Wheeler is a Taiwanese brand with distribution throughout much of the world, including a U.S. agent despite the limited presence here. Most of the bikes on their website are mid-level, with a few slick looking full suspension mountain bikes and aero road bikes topping things out. For Taipei, they had several new models across new-for-them categories that featured some nice details.

The Thirtysixxer was rightly placed at the corner of their booth, suckering me in for a closer look…


36×2.1 tires for the win.


On the more practical side is this smooth titanium 29er hardtail with rigid carbon fork.


Larger sections at the outside of the bottom bracket shell reinforce it for the bearings, and the rest is whittled down. Perhaps it’s mostly cosmetic, but that’s OK by us.



Ti dropouts with thru-axle and direct-mount rear derailleur all built in.



This cyclocross bike also uses a ti frame with carbon fork, and adds Shimano’s new flat brake mounts.


If only Shimano had some of their new flat-mount calipers ready for the show. In the meantime, there’s always adapters.



It shares the same BB shell design and adds some very curvy stays.



A fat bike and upright city bike rounded out the collection.



  1. Ever since I saw Waltworks’ 36’er, I’ve wanted to take one for a spin to see how they feel.

    Also, would have liked to have seen a singlespeed specific version of that rigid 29r.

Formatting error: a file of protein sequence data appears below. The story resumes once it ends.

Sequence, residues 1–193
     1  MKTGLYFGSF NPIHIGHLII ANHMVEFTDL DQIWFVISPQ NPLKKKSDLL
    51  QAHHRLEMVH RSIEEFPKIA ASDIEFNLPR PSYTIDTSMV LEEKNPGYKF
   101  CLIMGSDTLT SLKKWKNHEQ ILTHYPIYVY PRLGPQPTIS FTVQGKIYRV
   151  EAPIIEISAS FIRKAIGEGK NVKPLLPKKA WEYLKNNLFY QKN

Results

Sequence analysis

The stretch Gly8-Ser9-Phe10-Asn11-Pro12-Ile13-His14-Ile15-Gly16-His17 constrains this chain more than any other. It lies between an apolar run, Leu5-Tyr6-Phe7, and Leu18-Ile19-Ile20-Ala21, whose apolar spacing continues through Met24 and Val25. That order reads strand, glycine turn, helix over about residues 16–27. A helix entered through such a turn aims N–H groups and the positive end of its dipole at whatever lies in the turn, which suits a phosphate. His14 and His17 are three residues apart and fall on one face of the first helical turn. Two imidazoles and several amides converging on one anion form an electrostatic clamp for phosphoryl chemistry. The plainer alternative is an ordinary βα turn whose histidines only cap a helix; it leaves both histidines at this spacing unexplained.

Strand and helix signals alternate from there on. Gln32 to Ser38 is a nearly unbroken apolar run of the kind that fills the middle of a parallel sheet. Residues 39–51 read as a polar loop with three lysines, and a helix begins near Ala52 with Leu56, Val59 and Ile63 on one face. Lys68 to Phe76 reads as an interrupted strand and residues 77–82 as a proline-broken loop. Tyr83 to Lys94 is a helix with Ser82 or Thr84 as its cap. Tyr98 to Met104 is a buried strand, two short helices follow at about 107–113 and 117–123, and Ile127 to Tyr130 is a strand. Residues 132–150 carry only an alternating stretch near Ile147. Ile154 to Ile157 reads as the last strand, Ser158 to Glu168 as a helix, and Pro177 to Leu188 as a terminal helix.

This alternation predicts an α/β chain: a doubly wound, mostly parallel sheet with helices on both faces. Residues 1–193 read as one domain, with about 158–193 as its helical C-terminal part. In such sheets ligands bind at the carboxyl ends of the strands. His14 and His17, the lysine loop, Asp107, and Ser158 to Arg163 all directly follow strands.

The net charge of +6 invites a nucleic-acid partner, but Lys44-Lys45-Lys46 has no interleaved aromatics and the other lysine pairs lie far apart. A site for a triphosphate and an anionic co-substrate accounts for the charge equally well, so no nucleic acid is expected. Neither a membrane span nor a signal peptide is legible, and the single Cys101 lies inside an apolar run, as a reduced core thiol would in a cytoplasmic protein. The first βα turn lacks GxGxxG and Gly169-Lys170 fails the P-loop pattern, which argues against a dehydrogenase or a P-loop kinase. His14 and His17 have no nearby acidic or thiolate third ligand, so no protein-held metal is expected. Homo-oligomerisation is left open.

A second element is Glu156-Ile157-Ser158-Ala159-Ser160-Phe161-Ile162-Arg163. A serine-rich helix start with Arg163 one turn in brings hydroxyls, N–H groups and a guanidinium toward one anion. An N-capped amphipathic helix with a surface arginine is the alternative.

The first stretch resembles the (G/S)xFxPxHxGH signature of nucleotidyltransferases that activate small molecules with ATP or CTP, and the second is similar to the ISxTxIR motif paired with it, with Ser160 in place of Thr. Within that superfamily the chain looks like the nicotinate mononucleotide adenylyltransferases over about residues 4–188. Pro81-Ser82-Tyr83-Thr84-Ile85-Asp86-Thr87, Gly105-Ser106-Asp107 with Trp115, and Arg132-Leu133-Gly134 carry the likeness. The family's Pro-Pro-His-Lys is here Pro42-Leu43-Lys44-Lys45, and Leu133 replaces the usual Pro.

2. I’d love to have a 36″ bike too. The geometry would have to be way different than that bike though. I couldn’t imagine having such a steep seat tube angle. Its really the only way to have a short wheelbase AND reasonable BB height without an insanely curved seat tube which can be done…or you have to make the already long wheelbase, even longer.

  3. love me to get a 36er!!!!

    but that one looks like it has a tiny cockpit and crazy toe lap. not to mention fork brake wobbles

    maybe just not that one then….

  4. Sweet 36″ wheels! Make some road bikes with ~31″ road wheels, and a geometry to match. Sort of the revers of what manufacturers do for little guys and women with 650 wheels and small frames. Keeping it ALL in proportion is the future, and multiple wheel sizes are critical imo. Giant frames on small wheels are so lame.

What do you think?